In 1530 a new kind of balsam made its way to Spain from the New World. The crown ordered the merchants interested in exploiting balsam to send samples of it to physicians and hospitals. They, in turn, would send reports to merchants and royal officials: ...

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Two: A Chamber of Knowledge: The Casa de la Contrataci

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pp. 29-55

... Although the office of the chief pilot was established by Ferdinand the Catholic and not by Charles V, Hakluyt’s description captures the teaching and training activities of the “Contractation house at Sivil.” The office of the chief pilot, however, was established not only to train pilots but also to make charts. The cosmographers of the Casa were hired ...

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Three: Communities of Experts: Artisans and Innovation in the New World

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pp. 56-80

In 1519 European ships arrived on Mexican shores. A man from Mictlancuauhtla who saw the ships went, of his own accord, to Motecuhzoma’s palace and told him the following: ...

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Four: Circuits of Information: Reports from the New World

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pp. 81-100

The Spanish encounter with the New World not only fostered the development of empirical and collaborative practices to exploit, study, transform, and explore the New World but also shaped the methods used by the central state to control distant resources and lands. In particular, the crown demanded reports about the New World and came up with new ...

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Five: Books of Nature: Scholars, Natural History, and the New World

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pp. 101-127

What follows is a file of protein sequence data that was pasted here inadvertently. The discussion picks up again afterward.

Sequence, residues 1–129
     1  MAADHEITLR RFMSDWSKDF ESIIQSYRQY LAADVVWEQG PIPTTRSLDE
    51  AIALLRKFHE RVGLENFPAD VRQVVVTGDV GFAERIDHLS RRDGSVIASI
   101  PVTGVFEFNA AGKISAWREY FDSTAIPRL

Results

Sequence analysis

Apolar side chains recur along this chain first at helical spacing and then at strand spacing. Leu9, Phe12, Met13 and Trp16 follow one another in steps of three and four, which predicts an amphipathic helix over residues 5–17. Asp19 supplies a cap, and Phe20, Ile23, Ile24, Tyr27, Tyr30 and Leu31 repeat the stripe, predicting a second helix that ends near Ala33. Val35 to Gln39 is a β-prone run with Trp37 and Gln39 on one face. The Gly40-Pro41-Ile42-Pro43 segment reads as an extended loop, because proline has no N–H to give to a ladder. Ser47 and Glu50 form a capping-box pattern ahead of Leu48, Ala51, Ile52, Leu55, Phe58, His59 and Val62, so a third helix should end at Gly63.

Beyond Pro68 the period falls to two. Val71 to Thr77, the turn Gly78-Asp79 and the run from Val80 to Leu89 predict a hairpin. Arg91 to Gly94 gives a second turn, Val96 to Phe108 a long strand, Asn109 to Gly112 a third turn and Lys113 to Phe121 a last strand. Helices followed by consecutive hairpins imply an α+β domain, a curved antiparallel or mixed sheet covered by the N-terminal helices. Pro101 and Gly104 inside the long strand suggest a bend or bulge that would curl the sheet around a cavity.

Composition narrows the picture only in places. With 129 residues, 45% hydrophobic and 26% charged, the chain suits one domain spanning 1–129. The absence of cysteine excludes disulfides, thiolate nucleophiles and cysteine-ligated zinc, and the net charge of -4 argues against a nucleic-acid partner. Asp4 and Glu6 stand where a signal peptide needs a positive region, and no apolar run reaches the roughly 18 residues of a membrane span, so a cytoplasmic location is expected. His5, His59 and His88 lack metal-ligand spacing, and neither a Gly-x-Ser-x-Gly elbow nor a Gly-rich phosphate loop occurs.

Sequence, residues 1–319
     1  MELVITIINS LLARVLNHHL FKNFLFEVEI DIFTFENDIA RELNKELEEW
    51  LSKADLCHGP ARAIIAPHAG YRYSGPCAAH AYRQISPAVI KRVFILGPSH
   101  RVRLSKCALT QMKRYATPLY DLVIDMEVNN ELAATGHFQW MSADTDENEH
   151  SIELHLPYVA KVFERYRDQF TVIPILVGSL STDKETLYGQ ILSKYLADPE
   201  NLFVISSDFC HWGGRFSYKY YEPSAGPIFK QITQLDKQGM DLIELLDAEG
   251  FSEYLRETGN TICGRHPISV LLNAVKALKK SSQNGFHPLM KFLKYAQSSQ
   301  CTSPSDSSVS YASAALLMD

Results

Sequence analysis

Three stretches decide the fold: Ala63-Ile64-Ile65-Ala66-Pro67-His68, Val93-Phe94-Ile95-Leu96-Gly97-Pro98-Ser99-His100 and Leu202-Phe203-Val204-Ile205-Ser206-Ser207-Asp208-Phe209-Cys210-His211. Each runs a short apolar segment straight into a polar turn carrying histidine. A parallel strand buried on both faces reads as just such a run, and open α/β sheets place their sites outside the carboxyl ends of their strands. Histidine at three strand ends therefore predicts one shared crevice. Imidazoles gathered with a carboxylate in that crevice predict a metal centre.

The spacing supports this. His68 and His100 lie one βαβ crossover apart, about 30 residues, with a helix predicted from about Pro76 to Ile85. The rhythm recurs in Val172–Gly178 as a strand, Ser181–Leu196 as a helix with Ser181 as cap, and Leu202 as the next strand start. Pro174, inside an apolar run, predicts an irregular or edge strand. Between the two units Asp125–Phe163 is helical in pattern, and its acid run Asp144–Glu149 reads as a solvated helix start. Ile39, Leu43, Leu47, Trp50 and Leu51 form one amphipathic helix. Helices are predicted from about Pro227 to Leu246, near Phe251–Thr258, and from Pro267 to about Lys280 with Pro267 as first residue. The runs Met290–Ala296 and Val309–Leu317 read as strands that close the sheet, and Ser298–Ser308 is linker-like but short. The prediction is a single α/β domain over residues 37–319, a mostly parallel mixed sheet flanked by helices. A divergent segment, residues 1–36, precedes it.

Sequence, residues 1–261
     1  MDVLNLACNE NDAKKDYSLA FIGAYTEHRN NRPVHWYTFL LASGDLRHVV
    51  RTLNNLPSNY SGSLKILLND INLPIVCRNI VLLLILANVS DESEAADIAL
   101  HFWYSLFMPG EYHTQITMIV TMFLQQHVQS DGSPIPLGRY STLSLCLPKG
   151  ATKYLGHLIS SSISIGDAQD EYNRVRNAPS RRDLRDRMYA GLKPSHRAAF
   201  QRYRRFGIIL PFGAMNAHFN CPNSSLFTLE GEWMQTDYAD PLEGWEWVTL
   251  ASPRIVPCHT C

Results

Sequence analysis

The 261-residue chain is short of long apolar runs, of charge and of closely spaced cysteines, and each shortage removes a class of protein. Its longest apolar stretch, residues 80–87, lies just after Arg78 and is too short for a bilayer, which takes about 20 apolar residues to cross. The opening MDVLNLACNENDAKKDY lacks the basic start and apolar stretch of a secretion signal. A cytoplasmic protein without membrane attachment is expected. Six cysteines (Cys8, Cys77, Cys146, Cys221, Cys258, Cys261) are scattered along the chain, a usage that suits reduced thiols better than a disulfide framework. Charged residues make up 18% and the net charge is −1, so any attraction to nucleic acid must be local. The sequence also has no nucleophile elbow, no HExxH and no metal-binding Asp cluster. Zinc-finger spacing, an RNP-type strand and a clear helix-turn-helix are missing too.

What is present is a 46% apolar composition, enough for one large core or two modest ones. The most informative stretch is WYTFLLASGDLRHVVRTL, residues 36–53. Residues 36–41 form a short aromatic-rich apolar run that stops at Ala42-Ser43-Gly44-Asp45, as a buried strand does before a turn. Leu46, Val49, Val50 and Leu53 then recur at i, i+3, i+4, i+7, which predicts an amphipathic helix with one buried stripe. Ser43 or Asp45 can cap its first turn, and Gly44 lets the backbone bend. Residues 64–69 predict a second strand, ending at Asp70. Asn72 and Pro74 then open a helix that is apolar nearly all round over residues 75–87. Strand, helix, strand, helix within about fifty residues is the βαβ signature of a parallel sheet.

On March 12, 1579, bad weather hindered the Spanish fleet from leaving for the New World from the port of Sanl

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Conclusions: the politics of knowledge

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pp. 128-134

Spain’s encounter with the New World launched Europe into the first imperial age of the modern world. By the sixteenth century, ships, charts, guns, Genesis, and the New Testament had intertwined in a Christian ideology of domination. Yet technology and God were not enough to establish an empire: an empire was and is, above all, ...

Appendix 1

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pp. 135-139

Appendix 2

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pp. 140-146

Appendix 3

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pp. 147-150

Notes

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pp. 151-187

Bibliography

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pp. 189-204

Index

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pp. 205-211


E-ISBN-13: 9780292795945
E-ISBN-10: 0292795947
Print-ISBN-13: 9780292709812
Print-ISBN-10: 0292709811

Page Count: 223
Illustrations: 10 b&w illus.
Publication Year: 2006

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Subject Headings

  • Science -- United States -- History -- To 1830.
  • Spain -- History.
  • Spain -- Colonies -- America.
  • Science -- Spain -- History -- To 1830.
  • Latin America -- History -- To 1830.
  • Science -- Latin America -- History -- To 1830.